The precautionary savings motive and household savings

M. Mastrogiacomo, R.J.M. Alessie

Research output: Contribution to JournalArticleAcademicpeer-review


We quantified the relative importance of the precautionary motive in determining savings. Existing empirical evidence suggests that the impact of precautionary savings is small if one uses a subjective (based on self-reported expectations) measure of uncertainty about next year income. However, other studies use more objective (based on income data) methods to proxy for income uncertainty by exploiting life-cycle income variation. These studies find a large effect of precautionary savings. These contradictory results may be either suggestive of methodological shortcomings or the result of institutional differences between countries. We refined the subjective method by taking into account the uncertainty as perceived by the second income earner. We then apply the 'objective' and 'subjective' method to the same data set and obtain similar results: the subjective and objective methods suggest that precautionary savings account for approximately 30% of savings. © 2013 Oxford University Press. All rights reserved.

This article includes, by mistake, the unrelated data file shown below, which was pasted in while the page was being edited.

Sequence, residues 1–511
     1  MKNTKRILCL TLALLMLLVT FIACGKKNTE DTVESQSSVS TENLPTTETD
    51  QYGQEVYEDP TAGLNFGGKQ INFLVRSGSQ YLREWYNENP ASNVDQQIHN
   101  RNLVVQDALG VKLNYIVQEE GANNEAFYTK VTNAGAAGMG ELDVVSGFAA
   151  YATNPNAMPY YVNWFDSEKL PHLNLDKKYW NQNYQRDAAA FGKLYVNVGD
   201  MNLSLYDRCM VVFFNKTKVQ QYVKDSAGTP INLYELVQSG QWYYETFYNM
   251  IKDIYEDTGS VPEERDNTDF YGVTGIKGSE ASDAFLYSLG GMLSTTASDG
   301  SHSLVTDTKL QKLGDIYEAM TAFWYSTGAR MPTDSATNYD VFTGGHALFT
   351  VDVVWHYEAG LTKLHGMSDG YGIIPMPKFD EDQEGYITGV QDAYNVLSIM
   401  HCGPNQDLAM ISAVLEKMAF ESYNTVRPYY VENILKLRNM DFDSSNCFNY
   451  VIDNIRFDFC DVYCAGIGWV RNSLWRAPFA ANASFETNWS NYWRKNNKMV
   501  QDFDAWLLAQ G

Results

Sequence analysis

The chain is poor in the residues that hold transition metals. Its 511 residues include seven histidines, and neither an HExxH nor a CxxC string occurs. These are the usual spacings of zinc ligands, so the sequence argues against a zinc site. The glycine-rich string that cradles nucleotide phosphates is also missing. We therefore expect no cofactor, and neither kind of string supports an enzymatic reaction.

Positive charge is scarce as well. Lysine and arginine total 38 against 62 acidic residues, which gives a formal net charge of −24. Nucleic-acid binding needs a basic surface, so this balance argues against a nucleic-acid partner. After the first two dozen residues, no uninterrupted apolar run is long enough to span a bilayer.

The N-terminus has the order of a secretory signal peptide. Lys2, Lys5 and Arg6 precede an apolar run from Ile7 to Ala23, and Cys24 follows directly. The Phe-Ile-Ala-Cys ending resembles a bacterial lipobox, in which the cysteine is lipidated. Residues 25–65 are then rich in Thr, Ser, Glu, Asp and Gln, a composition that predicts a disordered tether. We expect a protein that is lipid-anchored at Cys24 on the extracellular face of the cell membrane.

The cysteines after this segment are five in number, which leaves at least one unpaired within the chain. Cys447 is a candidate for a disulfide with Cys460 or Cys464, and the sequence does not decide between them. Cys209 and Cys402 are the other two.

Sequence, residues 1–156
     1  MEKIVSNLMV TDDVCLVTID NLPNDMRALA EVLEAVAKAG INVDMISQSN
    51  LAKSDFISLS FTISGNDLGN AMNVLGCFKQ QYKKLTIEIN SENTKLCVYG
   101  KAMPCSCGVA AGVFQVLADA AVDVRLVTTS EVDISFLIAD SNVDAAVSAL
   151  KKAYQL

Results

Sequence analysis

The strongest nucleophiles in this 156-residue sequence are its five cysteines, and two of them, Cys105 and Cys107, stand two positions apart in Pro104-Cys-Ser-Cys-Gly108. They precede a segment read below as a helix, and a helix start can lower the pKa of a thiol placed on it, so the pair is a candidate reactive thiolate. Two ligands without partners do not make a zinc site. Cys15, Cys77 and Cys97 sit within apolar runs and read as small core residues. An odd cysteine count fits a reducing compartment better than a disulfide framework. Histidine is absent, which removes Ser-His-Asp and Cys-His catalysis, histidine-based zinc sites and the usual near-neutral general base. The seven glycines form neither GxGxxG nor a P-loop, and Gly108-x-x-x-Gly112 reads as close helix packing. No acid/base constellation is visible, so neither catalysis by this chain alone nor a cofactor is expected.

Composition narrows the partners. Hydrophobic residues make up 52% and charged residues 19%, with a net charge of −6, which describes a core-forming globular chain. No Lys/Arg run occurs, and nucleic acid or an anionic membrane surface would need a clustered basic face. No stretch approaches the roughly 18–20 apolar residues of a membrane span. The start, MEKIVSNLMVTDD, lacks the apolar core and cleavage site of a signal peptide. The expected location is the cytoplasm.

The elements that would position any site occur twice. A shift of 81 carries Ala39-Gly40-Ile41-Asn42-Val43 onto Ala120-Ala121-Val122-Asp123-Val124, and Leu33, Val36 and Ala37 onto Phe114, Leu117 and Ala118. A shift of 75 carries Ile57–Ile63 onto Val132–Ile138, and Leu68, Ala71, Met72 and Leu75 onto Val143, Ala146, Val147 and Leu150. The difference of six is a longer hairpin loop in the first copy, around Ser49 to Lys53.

Original languageEnglish
Pages (from-to)164-187
JournalOxford Economic Papers
Issue number1
Publication statusPublished - 2014


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